The Tomatometer rating – based on the published opinions of hundreds of film and television critics – is a trusted measurement of movie and TV programming quality for millions of moviegoers. It represents the percentage of professional critic reviews that are positive for a given film or television show.
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The Tomatometer is 60% or higher.
The Tomatometer is 59% or lower.
Movies and TV shows are Certified Fresh with a steady Tomatometer of 75% or higher after a set amount of reviews (80 for wide-release movies, 40 for limited-release movies, 20 for TV shows), including 5 reviews from Top Critics.
Percentage of users who rate a movie or TV show positively.
The Human Surge was difficult to engage with; the handheld camera work is shaky and unfocused, the POV ventures into naturally (read poorly) lit spaces and Williams completely refuses to construct seamless linear progression...
Starting in Argentina, ranging to Mozambique and the Philippines, The Human Surge picks figures from the blur of the modern world and depicts them in shadowed motion, language an indistinct gesture, too.
Williams is a gifted director who only has better films in front of him; he appears to be a guy with a concise vision making exactly what he wants to make. Which might be why The Human Surge can't quite connect: Williams only made this for himself.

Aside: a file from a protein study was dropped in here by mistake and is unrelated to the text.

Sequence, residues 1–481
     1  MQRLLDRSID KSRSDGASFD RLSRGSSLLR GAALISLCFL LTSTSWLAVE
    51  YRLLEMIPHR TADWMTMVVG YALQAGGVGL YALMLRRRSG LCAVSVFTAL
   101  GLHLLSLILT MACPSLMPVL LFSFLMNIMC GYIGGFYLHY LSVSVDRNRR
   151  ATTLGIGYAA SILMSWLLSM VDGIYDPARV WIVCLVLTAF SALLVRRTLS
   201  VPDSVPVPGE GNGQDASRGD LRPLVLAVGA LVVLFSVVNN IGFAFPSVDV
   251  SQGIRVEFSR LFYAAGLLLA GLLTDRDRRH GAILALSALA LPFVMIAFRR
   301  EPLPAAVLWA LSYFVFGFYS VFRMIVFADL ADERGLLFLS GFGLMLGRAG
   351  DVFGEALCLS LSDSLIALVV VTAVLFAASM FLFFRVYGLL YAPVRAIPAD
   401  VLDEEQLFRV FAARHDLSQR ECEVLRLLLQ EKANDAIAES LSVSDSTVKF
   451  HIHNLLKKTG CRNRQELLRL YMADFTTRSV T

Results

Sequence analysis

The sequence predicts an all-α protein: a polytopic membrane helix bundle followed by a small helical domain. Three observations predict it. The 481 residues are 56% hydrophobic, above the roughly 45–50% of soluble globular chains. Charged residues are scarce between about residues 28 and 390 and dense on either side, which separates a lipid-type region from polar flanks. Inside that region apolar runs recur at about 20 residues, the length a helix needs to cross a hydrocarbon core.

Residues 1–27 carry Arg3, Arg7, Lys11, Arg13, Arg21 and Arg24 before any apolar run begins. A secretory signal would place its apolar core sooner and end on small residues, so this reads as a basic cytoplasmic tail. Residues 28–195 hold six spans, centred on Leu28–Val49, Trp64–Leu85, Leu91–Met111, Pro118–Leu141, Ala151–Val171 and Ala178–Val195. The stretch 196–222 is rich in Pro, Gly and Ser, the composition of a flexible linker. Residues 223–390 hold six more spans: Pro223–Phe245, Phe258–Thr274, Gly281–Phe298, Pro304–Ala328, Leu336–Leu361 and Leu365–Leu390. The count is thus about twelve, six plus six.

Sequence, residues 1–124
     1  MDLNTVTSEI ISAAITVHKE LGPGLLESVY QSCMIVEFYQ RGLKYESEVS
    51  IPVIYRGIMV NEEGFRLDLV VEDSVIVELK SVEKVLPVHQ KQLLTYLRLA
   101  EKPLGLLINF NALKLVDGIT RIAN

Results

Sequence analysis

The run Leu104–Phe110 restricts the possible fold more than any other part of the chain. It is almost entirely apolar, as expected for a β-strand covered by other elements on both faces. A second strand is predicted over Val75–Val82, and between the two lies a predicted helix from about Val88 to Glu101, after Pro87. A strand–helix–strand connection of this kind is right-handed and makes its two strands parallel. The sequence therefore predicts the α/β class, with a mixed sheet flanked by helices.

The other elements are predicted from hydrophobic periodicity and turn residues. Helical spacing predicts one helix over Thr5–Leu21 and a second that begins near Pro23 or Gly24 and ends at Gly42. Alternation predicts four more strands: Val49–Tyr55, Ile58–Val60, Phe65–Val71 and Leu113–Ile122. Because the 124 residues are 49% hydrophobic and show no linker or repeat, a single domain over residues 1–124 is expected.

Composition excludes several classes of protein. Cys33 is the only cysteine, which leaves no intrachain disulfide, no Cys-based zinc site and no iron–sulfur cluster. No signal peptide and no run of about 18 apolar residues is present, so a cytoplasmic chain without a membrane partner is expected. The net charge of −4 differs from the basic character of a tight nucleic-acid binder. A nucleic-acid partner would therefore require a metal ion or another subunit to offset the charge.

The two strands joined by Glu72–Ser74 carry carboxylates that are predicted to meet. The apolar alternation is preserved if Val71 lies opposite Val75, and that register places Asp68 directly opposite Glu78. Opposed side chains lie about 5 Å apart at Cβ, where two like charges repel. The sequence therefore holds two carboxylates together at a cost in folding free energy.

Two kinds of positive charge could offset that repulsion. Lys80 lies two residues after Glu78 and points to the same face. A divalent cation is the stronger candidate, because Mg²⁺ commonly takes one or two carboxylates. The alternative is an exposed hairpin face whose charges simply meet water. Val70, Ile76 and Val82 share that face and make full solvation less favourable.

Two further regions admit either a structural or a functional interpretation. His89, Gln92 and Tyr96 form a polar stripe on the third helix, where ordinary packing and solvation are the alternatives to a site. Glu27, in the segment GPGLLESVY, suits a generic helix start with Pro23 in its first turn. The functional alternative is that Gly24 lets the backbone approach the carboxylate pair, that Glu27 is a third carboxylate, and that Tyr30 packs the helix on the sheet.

This conundrum that can be found all over the Internet, to be sure, but rarely with such enigmatic eroticism or breathtaking technique. Like the best nonfiction work of the past few years, it encourages us to look differently at every moving image we see.
Just when you think you've got the movie pegged, it pulls a daring switch of perspective. While the thrill of that little coup is short-lived, it suggests that Mr. Williams may come up with something more substantial with his next feature.
It's not so much deliberately confrontational in the way so many experimental films are (or pride themselves on being), but rather risk-taking for the sake of something almost impossible to articulate -- even if based in something obvious.
The film's default state is an ambient inertia that gestures vaguely in multiple directions without concerning itself with the hard work of constructing an argument, a convincing milieu, or even a compelling mood.